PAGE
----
guns you just never quite forget and that applies to the Detonics
Combat Master .45 ACP semi-automatic pistol.
I have followed the “gun rags” from the days of my
youth and often haunted the gun shops looking for that new model
I saw in a firearms journal.
Such was the case when I was a youthful deputy sheriff in
1979 and walked into one of the local gun emporiums one day and
spied a small, bright metal pistol that resembled a scaled-down
1911 with a chunk missing out of the rear of the slide.
Wow, a Detonics Combat Master!
Of course I had seen pictures in magazines, but here was
one for real, a miniaturized .45 auto with all the “bells and
whistles” right from the factory.
It was about the same size as the Smith & Wesson
Model 36 I had that moment riding under my loose-fitting
Hawaiian shirt, but was all stainless steel and carried seven
big .45 caliber cartridges as opposed to the 5 .38 Special
rounds in my little Chief’s Special.
I checked it out and tried to think of ways to justify
the purchase to my new wife (like I could afford it anyway), but
the reality was, it went back in the case and I went home.
About 10 years later the Combat Master went out of
production and I never did get to add one to my battery.
here it is 2006, and I have a brand new Detonics Combat Master,
almost exactly like the one I fondled over 25 years ago.
Resurrected as Detonics USA, the company president
is Jerry Ahern, which some of you will recognize as a gun
scribe and author of THE SURVIVALIST series of paperback
novels. Jerry was
very much into Detonics pistols back then and the hero of his
books, John Rourke, carried a brace of stainless Detonics
pistols during his escapades.
This mini-1911 was also a hit in Hollywood and appeared
on movies like Terminator 2 and TV shows like Miami
Detonics Combat Master was truly radical back in those days when
your typical 1911 was a full-size Colt Government Model
or slightly smaller Commander.
To get the standard features found on the Combat Master
added to your Colt usually required a trip to a custom pistol
smith accompanied by the added expense and requisite wait for
the work to be completed. Here
was a factory pistol with a “reverse cone” type barrel that
required no bushing, 3-dot combat sights, lowered ejection port,
concentric recoil spring with a guide rod, chopped hammer spur,
plus a shortened and deactivated grip safety.
Plus it was a pioneer stainless steel self-loader in the
days when stainless steel guns were plagued with “galling”
that interfered with reliable functioning.
the size, the thing that got the most notice was the “chunk”
taken out of the upper-rear surface of the slide.
This gently sloping surface was meant to facilitate
thumb-cocking of the weapon as it allowed more exposure for the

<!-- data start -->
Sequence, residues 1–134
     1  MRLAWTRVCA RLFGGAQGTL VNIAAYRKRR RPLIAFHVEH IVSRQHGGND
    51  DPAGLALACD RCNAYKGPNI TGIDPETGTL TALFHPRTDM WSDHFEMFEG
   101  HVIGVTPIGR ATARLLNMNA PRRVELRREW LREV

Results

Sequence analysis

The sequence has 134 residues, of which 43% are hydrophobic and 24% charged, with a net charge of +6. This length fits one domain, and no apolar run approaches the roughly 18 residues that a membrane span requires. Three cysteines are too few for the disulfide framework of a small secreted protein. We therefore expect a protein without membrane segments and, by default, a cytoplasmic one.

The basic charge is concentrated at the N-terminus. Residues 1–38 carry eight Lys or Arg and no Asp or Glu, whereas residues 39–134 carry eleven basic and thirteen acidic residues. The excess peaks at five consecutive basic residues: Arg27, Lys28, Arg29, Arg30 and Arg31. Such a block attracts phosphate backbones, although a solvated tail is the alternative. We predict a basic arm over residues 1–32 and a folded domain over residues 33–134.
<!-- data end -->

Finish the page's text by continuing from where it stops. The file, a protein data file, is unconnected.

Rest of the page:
stubby hammer spur. The
inch or so that this decreased from the sight radius had little
effect on what was essentially a “belly gun” designed to be
carried concealed and used “up close and personal.”
Of course if one wished to do so the pistol could be
carried in “Condition One” as Col. Cooper calls it
with a round in the chamber, the hammer cocked and the safety
applied. Personally, that is the way I would carry this pistol as I
find it too difficult to cock with the shooting hand and
although it is pretty fast if you cock it with the support hand
thumb, it also mandates that you use both hands.
It could be that the support hand is out of action or
occupied fending off a knife strike.
re-issue of the Detonics Combat Master looks very much like the
vintage model form the late 1970’s, the most obvious
difference being the new model does not have the 3 white dots on
the sights. Instead
the sights on the test model were very robust, the front blade a
full 1/8” wide and serrated, while the rear sight notch
allowed plenty of light to be seen on both side of the front
sight. Both sights
are mounted in dovetail cuts in the slide and can be moved right
or left for windage adjustment.
My sample was well put together with obvious care in the
fit and finish of the pistol.
The matte stainless steel was attractive and
non-reflective as befits a combat weapon and I could find no
external flaws. The
6-round magazine is also matte stainless and when fully loaded a
small tab projects from the bottom rear of the floor plate.
The attractive grip panels (also a departure from the
original design) are made of rosewood and have a traditional
diamond pattern at the grip screws and the Detonics logo within
a circle in the center, all of which is surrounded by cut
Detonics Combat Master comes with a flat mainspring housing
which is deeply serrated and mates right into what would be the
grip safety on a standard 1911, but on the Detonics is
deactivated and reduced in size with a rounded rear surface.
I was concerned that there might be some hammer bite when
firing this gun, but the cut-down “Commander” hammer-spur
never touched the web of my hand.
The trigger has an over-travel adjustment screw on the
face and is serrated, but is otherwise fairly standard with a
pull weight of around 5 pounds with the usual take-up found on
the 1911-style handguns. This
gun also has the standard commercial type safety lever, slide
release lever and magazine release button, which reduces the
things that might catch on clothing during a rapid draw.
Other features include a beveled magazine well, a
heavy-duty firing pin spring, and the slide contains a brawny
“torsion spring” internal extractor for positive ejection of
empty cartridge cases, especially with the lowered and beveled
ejection port. Of
course the top of the magazine well and barrel throat are mirror
polished for reliable feeding of ammunition.
Each gun comes in a lockable, black plastic case with a